Mastitis is the most serious illness economically and also the most common indication for the use of antimicrobial therapy. There is the concern the resistance from animal bacteria will transfer to the originators of human illness, for example through the food chain. Already, more people die from drug resistant bacteria than cancer. For these reasons, it is necessary to combine the use of antibiotics with diagnostics and a targeted approach.
The diagnosis of the originators of an udder inflammation is done thru culturing, which can be performed in a veterinarian’s clinic or directly on the farm. The reading of results happens on several levels starting with the determination of microbiological groups of bacteria (Gram–positive and Gram–negative) to specific kinds of individual pathogens of mammary gland.
The treatment protocol can then be determined individually under the supervision of a veterinarian. Up to 40% of clinical cases of local mastitis (the cow has no overall symptoms) do not need to be treated with antibiotics (Prášek et al. 2010, 2016). This also yields significant cost savings.
Thanks to a targeted treatment thru the culturing of the mastitis, there is a reduction in antibiotic consumption, an increase in the effectiveness of treatment, a reduction in the risk of antibiotic resistance developing, and a reduction in the risk of antimicrobial residues passing on into the cow’s milk and thus to the food chain. There is also the huge economic benefit of shortening the period when the cow is out of the tank.
This system can be used to diagnose and treat clinical cases of mastitis, subclinical mastitis, and for selective dry-off therapy.
All mastitis quarters are cultured. If the cow shows the 1st and 2nd stages of inflammation, i.e. changes to the milk and local signs of udder inflammation, the treatment is started within 24 hours based on the diagnostic results. For cows with systemic symptoms, the anti-shock therapy is initiated immediately and the choice of antibiotic usage is later adjusted based on the result of the culturing.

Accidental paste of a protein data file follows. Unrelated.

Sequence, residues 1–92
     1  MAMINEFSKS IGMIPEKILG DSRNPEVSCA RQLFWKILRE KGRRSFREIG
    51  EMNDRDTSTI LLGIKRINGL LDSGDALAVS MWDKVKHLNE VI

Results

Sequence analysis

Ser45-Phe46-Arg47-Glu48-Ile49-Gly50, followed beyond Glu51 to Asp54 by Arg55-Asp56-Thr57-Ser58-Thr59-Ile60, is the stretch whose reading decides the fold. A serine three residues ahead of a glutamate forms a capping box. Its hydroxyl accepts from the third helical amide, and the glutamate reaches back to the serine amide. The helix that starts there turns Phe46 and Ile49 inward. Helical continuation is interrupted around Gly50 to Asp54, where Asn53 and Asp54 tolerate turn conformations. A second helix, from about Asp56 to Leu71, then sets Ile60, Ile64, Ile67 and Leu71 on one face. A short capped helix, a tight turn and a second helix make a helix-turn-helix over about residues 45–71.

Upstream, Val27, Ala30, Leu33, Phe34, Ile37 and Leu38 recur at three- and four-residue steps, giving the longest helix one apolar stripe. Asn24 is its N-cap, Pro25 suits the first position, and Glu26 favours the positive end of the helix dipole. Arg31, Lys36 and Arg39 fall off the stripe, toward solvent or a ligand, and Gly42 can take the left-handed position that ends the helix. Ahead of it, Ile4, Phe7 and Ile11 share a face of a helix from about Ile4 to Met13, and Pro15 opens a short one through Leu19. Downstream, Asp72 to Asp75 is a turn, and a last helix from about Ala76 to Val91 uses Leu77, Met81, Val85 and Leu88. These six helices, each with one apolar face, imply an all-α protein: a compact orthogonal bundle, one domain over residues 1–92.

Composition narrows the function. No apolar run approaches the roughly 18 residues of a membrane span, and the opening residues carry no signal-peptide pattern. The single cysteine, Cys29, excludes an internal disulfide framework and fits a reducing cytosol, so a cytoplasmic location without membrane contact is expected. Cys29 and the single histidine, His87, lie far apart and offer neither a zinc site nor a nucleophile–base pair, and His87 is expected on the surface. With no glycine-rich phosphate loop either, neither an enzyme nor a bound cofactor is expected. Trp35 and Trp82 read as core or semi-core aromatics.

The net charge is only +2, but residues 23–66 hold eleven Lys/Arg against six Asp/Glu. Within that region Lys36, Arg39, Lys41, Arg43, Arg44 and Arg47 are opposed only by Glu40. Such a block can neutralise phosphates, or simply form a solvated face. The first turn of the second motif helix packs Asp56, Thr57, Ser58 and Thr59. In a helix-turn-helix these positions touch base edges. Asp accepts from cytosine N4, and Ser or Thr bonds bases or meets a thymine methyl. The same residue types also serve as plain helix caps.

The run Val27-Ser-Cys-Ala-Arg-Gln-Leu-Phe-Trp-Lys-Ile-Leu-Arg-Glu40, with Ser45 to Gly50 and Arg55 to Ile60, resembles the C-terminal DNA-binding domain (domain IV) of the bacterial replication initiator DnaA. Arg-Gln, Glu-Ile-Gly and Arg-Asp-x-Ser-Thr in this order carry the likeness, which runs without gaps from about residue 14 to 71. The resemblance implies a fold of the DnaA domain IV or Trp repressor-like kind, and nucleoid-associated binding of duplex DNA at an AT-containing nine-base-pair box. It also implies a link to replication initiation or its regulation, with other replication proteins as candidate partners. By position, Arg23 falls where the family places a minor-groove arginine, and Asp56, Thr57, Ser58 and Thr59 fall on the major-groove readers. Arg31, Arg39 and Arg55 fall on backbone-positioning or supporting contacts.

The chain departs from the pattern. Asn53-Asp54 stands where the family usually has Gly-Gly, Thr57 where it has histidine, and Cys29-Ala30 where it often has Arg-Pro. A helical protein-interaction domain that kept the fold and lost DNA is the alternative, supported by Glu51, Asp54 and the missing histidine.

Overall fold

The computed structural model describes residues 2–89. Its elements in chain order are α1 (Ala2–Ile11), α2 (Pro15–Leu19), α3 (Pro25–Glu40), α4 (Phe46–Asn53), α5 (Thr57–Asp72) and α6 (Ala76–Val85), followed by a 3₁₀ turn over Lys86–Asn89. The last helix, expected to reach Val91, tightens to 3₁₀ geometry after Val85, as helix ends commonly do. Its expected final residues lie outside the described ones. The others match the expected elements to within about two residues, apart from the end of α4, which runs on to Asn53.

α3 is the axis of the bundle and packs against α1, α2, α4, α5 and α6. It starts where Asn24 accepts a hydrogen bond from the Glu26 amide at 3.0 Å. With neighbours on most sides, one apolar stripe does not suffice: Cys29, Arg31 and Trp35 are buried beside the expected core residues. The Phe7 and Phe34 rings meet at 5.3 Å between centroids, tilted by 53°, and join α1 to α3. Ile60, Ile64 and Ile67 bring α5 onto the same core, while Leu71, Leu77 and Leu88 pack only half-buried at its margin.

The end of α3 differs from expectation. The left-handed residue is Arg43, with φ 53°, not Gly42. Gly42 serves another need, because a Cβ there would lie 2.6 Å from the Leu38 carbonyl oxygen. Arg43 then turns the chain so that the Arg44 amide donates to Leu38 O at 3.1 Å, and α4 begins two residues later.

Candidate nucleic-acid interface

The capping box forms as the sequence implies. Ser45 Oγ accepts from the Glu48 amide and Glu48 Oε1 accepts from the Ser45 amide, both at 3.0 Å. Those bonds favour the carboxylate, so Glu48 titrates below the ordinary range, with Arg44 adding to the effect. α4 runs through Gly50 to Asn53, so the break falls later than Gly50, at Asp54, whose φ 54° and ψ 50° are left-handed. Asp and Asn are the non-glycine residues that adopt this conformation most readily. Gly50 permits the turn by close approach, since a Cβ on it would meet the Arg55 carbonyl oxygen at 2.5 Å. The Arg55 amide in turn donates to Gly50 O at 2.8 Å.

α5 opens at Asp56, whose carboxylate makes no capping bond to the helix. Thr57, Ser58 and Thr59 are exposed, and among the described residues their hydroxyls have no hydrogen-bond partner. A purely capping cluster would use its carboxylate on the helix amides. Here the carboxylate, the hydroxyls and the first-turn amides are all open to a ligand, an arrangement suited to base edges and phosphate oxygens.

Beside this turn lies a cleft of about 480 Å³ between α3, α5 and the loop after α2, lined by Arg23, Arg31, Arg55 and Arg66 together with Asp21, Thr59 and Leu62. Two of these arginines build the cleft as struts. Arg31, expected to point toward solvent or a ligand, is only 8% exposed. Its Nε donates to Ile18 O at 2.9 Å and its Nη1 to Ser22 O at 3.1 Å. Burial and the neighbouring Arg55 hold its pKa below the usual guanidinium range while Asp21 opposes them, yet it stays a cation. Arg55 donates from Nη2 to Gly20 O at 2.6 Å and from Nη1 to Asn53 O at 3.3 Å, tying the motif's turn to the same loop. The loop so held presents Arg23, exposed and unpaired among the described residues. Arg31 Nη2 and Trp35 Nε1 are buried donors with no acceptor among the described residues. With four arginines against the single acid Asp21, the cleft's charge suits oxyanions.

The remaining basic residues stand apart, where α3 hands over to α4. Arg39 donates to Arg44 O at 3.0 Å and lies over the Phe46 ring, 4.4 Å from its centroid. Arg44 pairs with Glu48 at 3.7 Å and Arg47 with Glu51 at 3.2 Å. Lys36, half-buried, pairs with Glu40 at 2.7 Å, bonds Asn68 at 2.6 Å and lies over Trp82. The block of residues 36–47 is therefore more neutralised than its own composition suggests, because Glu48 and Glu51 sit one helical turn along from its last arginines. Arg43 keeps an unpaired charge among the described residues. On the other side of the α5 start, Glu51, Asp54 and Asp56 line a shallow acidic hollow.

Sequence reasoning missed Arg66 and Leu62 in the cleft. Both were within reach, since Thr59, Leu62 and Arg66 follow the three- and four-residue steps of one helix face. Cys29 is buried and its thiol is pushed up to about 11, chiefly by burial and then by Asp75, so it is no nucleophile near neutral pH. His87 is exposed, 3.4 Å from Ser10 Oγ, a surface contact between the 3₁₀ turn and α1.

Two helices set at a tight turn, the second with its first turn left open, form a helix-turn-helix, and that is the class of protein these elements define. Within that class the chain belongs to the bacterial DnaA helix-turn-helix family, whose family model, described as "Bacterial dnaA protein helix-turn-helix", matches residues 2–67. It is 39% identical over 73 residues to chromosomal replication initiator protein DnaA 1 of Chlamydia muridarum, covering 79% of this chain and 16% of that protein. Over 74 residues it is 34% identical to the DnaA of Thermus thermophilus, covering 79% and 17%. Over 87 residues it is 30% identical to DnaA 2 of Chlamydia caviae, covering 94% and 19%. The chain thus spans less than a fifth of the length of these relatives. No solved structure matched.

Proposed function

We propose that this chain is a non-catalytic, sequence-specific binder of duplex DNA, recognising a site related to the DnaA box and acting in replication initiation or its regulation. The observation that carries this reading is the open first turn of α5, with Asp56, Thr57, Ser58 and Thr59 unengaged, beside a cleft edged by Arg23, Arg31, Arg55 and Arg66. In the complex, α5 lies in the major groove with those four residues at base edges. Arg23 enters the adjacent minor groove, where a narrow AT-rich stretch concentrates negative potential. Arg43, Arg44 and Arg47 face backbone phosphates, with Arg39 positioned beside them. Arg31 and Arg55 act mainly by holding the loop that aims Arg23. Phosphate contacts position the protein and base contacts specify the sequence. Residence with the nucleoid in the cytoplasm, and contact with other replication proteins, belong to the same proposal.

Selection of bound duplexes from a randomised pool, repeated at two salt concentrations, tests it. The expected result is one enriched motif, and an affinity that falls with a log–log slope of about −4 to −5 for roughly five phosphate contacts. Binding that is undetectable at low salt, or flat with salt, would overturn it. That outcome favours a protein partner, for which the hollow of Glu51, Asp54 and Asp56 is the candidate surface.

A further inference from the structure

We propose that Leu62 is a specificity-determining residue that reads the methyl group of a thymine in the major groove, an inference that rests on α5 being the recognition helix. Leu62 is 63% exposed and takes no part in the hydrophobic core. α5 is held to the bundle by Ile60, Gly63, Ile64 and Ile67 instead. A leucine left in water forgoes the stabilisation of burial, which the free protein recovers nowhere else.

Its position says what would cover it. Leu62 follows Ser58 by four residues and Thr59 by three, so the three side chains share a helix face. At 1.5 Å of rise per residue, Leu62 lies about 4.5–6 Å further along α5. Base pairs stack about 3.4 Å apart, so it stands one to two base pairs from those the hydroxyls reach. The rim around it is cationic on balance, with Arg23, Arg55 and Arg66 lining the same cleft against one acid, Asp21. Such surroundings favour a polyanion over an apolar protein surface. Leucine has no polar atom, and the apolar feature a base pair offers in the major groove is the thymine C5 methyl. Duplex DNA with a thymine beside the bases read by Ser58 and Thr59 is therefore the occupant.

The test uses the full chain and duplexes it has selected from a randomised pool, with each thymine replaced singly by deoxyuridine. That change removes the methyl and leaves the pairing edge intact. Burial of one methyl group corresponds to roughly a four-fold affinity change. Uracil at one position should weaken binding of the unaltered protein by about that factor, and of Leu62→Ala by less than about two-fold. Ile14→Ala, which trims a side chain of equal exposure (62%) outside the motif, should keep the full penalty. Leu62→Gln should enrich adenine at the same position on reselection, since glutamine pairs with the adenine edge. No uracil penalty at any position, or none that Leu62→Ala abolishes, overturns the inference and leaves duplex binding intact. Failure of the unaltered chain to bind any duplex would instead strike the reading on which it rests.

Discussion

Cows with an increased number of somatic cells in their milk are cultured. The potential antibiotic treatment is decided individually based on the specific situation on the farm. Culturing of subclinical mastitis is especially necessary to find a rapid and effective solution to any problems with contagious pathogens such as Staphylococcus aureus and Streptococcus agalactiae.
With the increased attention to the hygiene and welfare of the cows, the risk of udder infection during dry-off is reduced. It can be further reduced by using seals (with outer and inner seals). Consequently, the use of antibiotics during dry period is only needed in response to a case of infection. However, it is still necessary to check for the presence of the pathogen using culturing just before the dry-off, and to use targeted antibiotics for the treatment of dry period infections.
Přidáno 27. 5. 2016, autor: J4W Admin